Pakistan of What ifs?

If and when in a fix, political parties barely look beyond a day, even to a point when they are counting down the hours; this takes one back to the days of Dharna – the images of the sitting government with two-third majority were pale at its best. But what does that mean for the voters, when Pakistan has had several transformational moments yet it has always fell short of taking a leap of faith. It is so incredibly difficult for the political leadership to disassociate itself from a distant past and the urgent present. So, usually what happens is that we have the military game-theory(ing) over what is considered to be more ‘important’. The worldview of Pakistan is subjected to internal policy uncertainties and therefore lack of institutional decision-making processes. The world is always second guessing Pakistan, and expecting the worse. They are not to blame. While the elite capture can get away with bad governance and institutional decay; the cost is borne by an ordinary Pakistani. To run a country one requires a constant source of longer-term thinking inquiries supported by backward-forwardlooking mechanisms.

However, with the on going Zarb-e-Azb one is somewhat assured that the state is willing to root-out terrorism; but once the beast is killed who would scrape off the remnants of extremism that stems from within. One recent flicker of hope is of resurrection of NACTA’s website. But the National Action Plan is more than just a unit of measuring the state of security within the country; it actually places a far greater responsibility on an already so frail political wisdom (seasonally self-centric) which will is essentially required in the next one decade to carve out a society that is ever so caught up with scheduling its life around the occasional power outages, gas shortages amongst several other mundane issues. The Vision Pakistan 2025 hasn’t move beyond the Ministry of Planning, Reforms and Development; the message has not been passed on to the people who would realize Prof. Iqbal’s dream of a better Pakistan.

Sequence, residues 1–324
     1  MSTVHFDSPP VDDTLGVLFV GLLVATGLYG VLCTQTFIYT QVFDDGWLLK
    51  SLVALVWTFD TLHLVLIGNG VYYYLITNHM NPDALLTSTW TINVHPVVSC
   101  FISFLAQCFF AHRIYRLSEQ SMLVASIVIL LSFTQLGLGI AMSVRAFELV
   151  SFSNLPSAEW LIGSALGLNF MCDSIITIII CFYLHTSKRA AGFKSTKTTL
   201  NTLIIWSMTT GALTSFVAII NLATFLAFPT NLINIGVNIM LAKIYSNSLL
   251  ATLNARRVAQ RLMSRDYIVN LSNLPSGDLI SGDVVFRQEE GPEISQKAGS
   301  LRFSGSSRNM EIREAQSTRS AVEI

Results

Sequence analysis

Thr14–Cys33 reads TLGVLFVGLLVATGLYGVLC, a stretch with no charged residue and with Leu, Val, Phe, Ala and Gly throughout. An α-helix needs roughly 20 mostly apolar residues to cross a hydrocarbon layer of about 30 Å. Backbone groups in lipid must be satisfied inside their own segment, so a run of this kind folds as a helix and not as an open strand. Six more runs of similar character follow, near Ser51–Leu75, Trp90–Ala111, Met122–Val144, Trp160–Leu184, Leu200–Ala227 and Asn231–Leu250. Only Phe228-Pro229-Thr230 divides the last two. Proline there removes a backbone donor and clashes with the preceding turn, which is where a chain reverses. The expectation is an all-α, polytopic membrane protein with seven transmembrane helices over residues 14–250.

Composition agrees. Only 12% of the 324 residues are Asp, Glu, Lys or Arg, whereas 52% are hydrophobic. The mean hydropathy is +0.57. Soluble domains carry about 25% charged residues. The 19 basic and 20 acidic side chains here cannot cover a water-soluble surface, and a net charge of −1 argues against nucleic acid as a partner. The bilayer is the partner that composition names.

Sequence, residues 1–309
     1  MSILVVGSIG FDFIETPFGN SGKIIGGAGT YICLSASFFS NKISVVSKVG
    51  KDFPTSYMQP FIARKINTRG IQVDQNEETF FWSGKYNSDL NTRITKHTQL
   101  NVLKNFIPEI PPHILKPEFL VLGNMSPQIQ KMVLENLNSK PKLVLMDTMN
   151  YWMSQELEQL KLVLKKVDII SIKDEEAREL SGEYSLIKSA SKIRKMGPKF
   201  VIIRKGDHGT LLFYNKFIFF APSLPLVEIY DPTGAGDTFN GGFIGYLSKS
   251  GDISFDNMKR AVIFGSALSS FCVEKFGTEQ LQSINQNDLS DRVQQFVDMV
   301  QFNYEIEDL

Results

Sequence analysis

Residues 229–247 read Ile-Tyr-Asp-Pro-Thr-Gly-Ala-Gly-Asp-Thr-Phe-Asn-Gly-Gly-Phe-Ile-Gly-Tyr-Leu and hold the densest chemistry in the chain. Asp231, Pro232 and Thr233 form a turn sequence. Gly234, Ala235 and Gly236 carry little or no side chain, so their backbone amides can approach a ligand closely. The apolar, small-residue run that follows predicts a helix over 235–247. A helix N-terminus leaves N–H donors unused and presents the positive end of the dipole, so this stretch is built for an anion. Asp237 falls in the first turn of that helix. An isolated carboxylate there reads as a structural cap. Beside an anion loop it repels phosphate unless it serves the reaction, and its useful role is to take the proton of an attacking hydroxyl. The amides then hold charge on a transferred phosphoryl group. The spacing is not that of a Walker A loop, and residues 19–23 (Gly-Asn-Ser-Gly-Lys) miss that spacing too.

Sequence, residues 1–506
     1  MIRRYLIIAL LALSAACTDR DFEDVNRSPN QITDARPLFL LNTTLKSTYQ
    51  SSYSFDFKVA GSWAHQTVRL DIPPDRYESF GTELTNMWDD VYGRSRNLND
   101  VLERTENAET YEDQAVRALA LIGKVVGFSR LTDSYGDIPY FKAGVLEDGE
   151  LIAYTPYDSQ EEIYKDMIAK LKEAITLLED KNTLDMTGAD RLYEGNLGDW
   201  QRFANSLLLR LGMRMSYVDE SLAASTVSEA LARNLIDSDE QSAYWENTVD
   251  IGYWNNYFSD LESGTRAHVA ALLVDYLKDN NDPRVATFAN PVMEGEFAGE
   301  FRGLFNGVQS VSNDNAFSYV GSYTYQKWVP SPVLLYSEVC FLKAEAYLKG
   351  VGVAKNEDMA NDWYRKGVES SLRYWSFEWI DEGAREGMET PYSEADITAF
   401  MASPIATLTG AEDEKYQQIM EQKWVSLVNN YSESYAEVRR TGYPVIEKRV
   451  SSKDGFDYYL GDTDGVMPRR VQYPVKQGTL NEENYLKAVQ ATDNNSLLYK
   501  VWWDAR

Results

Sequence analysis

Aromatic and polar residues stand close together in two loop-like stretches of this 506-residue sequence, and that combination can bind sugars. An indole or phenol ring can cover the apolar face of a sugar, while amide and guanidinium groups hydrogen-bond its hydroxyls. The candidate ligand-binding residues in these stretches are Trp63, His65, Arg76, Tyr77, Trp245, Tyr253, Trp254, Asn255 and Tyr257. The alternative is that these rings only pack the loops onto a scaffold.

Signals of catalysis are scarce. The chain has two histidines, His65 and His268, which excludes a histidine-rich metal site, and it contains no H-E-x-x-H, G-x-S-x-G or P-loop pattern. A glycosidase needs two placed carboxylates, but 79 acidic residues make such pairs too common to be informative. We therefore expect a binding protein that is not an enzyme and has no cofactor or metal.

There is this lingering fear; that Pakistan may continue to grow old while remaining poor while the writ of the Federation will shrink; confining it to just Islamabad. So from being a middle-income country it is quite possible that this country will still be considered amongst the least developed nations in the near future. Balochistan is still economically fragmented and socially isolated. Sindh is still starving. The political party that produced and implemented the 18th Amendment has yet to be seen benefiting its people in the province. The International Financial Institutions have been classifying Pakistan as part of the MENA-AP region (Middle East, North Africa, Afghanistan and Pakistan); what does that mean for Pakistan’s role in South Asia? We are not clubbed amongst the advanced nor are we closing gap in the emerging market and developing economies according to the International Monetary Fund’s Outlook Report. We are challenged between acquiring fiscal space or actually pursuing a robust economic growth strategy; which intrinsically expands market opportunities and thereby create jobs. So while a handful and almost insignificant persons and businesses may benefit from these dynamics a vast majority of the population will remain sequestered.